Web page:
Minnesota:  It’s a shame, but freshman Democrat Al Franken — the former Saturday Night Live writer and performer cum liberal activist — looks unlikely to draw a serious enough challenger to threaten his chances for reelection. Minnesota leans significantly Democratic, but it could conceivably be at the very edge of a Republican wave. Without a substantial candidate, however, Franken’s contract will likely be renewed.

Mississippi:  Serious Tea Party challenges to sitting Republicans are few and far between this time around, but the Magnolia State presents one major exception. 78-year-old Republican Thad Cochran is running for his seventh term in the Senate, upending expectations that he’d be retiring this year. Cochran, who’s not exactly bashful about the amount of pork-barrel spending he sends back home, has fallen afoul of conservative spending hawks, and State Senator Chris McDaniel is capitalizing on that fact to challenge him for the GOP nomination. Regardless of who wins, it’s a near-certainty that a Republican will continue to hold this seat in the next Congress.

Montana:  Democrats weren’t initially that worried about the retirement of longtime Senator Max Baucus because they believed they had an ace in the hole: popular former Governor Brian Schweitzer. Schweitzer unexpectedly chose to pass on the race, however (they are stray rumors that he’s considering a presidential bid in 2016), which caused a measure of panic. While Montana regularly elects Democrats to statewide office, it’s a consistently Republican state in presidential elections and by no means a lock for the left. Rather than let the seat come open, President Obama appointed Baucus the new Ambassador to China, leaving Democratic Governor Steve Bullock to appoint his Lieutenant Governor, John Walsh (who planned on running anyway), to the seat and give him the power of incumbency. It may not be enough. Walsh is already trailing the likely Republican candidate, Congressman Steve Daines, by 14 points in the most recent Rasmussen poling.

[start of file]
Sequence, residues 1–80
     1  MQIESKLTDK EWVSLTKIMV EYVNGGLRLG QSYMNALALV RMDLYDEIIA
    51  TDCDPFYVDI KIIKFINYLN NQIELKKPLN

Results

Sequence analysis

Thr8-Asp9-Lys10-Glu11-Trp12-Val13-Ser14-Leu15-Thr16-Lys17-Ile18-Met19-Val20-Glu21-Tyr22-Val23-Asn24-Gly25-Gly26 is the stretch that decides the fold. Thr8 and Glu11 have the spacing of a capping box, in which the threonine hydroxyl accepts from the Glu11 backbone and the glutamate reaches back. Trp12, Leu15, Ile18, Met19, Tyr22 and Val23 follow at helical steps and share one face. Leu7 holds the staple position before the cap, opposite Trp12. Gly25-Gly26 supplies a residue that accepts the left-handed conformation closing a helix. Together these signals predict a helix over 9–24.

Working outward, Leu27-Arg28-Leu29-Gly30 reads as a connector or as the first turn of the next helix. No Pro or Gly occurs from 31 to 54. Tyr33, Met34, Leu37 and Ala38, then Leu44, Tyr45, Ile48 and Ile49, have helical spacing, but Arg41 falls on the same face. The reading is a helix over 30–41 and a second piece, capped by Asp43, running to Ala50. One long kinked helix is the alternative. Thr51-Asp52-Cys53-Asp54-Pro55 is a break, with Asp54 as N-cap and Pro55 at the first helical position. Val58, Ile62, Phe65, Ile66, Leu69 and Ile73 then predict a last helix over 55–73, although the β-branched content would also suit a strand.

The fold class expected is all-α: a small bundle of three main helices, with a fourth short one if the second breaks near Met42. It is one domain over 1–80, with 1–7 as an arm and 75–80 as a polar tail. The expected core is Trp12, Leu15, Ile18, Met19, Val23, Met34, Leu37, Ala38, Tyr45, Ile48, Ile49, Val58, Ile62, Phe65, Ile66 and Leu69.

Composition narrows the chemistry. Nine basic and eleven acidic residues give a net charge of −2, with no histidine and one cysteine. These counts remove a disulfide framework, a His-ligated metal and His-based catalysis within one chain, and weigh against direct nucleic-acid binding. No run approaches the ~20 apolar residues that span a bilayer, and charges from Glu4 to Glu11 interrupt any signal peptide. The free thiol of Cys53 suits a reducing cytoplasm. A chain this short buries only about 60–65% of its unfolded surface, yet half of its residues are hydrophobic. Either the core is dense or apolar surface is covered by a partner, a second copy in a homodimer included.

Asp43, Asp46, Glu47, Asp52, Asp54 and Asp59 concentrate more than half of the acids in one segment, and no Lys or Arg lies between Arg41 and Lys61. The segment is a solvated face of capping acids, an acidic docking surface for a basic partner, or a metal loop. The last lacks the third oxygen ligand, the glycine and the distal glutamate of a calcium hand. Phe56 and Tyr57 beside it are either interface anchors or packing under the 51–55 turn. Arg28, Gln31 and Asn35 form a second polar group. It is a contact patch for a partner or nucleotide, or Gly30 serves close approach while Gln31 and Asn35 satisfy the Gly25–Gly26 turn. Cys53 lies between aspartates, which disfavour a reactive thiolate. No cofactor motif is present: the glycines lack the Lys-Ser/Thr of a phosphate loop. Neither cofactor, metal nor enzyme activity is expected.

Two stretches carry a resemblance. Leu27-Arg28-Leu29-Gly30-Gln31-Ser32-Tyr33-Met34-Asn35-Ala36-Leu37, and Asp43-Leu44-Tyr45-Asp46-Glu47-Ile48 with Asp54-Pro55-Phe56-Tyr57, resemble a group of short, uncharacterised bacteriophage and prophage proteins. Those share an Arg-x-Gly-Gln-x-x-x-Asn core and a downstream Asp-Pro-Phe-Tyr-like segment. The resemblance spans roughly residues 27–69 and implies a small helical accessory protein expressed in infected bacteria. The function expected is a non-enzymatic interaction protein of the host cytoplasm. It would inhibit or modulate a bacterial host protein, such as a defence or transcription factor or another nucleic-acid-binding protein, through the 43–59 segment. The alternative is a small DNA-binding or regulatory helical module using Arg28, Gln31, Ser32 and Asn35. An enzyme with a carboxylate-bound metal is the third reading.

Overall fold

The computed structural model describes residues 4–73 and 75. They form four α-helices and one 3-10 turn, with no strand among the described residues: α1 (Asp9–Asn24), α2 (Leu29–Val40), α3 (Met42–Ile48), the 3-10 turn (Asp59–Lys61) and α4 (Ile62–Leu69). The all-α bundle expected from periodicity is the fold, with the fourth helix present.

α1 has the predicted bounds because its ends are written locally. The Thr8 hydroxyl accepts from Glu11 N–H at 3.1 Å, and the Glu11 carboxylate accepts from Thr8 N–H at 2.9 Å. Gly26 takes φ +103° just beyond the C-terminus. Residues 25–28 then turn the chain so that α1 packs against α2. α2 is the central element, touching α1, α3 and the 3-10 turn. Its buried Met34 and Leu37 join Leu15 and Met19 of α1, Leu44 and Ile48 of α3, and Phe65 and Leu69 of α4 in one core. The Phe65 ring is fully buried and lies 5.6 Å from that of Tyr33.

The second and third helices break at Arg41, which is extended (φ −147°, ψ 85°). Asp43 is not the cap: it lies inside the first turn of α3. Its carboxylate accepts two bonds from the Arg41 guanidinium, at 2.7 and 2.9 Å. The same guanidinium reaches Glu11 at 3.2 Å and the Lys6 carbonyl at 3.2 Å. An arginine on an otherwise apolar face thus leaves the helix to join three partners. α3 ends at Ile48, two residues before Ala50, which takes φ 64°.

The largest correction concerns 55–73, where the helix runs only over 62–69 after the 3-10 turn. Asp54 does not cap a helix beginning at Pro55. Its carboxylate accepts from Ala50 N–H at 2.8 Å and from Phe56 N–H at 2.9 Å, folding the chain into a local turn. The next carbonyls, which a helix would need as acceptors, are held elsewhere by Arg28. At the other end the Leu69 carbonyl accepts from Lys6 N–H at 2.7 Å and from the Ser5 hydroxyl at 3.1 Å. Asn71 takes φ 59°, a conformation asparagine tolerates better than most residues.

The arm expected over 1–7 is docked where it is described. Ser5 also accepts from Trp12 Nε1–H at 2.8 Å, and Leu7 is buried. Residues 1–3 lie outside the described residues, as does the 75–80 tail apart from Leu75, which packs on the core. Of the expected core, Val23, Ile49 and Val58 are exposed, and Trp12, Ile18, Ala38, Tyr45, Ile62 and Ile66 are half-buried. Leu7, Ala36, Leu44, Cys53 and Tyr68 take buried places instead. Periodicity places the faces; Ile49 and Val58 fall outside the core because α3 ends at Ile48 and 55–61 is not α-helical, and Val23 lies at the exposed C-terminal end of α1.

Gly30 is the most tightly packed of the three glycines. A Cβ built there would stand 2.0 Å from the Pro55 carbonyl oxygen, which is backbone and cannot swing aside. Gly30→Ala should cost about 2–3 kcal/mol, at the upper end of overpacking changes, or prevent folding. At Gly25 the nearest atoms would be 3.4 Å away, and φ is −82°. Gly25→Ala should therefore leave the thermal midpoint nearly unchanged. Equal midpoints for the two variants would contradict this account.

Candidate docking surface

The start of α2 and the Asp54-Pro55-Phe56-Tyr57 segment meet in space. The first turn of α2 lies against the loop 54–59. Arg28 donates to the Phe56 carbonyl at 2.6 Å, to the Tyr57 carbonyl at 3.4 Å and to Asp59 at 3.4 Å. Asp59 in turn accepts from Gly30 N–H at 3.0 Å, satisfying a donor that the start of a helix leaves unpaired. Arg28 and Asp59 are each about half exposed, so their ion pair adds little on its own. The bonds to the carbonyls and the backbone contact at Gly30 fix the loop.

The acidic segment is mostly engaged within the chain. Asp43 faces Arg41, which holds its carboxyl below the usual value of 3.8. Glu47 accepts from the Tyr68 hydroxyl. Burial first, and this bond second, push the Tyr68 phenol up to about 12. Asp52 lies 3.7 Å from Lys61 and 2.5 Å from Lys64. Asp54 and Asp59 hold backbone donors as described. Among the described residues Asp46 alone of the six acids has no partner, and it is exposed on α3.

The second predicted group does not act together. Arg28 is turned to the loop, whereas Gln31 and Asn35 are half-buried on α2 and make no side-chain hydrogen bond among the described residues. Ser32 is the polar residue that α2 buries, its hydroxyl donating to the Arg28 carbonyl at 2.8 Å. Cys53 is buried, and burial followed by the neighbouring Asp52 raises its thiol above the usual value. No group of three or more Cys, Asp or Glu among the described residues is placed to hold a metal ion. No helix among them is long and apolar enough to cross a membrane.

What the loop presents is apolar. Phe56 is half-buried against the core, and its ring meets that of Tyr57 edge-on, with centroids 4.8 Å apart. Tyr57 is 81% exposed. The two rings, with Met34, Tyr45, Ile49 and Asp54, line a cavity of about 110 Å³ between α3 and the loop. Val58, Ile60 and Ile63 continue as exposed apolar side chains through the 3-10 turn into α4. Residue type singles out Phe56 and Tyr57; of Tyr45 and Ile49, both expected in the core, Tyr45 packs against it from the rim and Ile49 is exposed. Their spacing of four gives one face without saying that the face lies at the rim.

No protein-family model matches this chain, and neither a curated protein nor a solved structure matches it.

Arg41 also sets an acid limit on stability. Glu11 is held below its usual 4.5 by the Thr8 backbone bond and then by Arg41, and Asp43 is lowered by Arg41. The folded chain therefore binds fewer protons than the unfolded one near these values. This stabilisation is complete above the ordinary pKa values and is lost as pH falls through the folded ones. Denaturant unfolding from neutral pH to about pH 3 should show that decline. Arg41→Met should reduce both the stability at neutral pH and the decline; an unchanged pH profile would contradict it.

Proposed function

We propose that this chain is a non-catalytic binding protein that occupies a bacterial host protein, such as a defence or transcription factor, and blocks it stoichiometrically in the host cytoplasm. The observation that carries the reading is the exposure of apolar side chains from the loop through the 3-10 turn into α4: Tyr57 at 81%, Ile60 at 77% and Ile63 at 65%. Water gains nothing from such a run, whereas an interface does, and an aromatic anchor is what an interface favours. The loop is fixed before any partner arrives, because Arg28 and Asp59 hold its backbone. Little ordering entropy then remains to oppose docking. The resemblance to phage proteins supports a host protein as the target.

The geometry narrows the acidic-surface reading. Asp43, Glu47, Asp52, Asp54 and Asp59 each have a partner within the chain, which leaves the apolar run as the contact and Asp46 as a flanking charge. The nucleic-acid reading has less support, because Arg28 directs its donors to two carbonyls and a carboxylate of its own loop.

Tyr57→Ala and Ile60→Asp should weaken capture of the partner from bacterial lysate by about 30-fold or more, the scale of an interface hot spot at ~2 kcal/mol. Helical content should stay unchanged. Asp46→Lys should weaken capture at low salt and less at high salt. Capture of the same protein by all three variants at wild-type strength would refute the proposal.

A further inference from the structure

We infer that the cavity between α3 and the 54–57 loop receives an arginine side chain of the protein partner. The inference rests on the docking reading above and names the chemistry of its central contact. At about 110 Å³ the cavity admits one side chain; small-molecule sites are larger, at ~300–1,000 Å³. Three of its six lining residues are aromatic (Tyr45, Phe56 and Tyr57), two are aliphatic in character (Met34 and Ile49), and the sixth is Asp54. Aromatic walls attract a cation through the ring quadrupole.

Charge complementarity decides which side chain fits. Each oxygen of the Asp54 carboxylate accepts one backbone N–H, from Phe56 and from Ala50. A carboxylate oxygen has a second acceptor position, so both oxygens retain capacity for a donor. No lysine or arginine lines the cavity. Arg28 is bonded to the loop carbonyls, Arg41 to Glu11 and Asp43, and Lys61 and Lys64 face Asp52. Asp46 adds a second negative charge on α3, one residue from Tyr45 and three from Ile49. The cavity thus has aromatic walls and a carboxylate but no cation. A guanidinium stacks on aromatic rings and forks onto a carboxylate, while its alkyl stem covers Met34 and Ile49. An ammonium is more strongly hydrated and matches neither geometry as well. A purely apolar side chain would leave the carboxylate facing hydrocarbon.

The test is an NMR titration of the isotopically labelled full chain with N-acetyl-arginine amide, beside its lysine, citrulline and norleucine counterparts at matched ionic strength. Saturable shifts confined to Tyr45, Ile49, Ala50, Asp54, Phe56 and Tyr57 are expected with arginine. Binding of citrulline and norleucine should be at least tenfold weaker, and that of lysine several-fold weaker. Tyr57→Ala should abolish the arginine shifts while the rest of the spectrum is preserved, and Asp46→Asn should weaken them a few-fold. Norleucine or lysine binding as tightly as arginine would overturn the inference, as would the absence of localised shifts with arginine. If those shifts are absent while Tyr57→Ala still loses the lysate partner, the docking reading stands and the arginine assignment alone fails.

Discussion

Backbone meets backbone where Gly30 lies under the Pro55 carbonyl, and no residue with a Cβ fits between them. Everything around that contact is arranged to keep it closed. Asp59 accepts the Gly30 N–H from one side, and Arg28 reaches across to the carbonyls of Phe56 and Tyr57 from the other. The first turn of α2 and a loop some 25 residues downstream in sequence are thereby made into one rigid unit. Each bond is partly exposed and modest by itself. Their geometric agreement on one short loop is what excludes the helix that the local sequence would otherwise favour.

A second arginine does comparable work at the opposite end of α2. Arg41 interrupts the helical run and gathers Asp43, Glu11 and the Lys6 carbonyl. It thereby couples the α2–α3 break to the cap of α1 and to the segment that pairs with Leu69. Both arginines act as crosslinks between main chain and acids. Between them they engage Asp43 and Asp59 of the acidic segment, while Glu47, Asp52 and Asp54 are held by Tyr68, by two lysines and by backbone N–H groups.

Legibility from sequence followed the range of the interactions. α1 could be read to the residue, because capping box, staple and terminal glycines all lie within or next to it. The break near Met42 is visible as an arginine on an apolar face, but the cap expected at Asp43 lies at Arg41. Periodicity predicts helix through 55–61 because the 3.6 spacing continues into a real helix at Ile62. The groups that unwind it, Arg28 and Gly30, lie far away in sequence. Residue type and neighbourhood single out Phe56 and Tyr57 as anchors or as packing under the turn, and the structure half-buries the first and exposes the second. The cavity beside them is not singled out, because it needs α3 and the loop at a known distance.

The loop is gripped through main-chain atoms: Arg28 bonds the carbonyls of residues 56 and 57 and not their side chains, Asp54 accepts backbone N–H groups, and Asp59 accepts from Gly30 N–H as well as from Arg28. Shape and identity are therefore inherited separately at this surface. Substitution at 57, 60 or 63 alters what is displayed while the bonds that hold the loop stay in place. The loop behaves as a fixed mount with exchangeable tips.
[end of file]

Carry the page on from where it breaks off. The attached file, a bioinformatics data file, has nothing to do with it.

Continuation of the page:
What of the other races? In next week’s column, I’ll consider the rest of the field and look at the potential for a Republican takeover of the Senate.

Question of the Week   
The largest-ever helicopter evacuation took place during which of the following conflicts?
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Quote of the Day   
 
"Restoring order to America's cities isn't a complicated proposition.All it requires is resources and determination and a firm rejection of the longstanding progressive fallacy that an overwhelming police presence is 'provocative' and 'escalatory' and must be avoided.As has been established across decades of civil disturbances, it is police passivity that emboldens mobs. When the cops stand by, or…[more]
 
 
—Rich Lowry, National Review Editor
— Rich Lowry, National Review Editor
 
Liberty Poll   

Until this week, the U.S. House has required Members to be physically present to vote. Due to coronavirus, "proxy voting," allowing Members to cast votes for absent colleagues, is now being used. Should "proxy voting" be allowed to continue?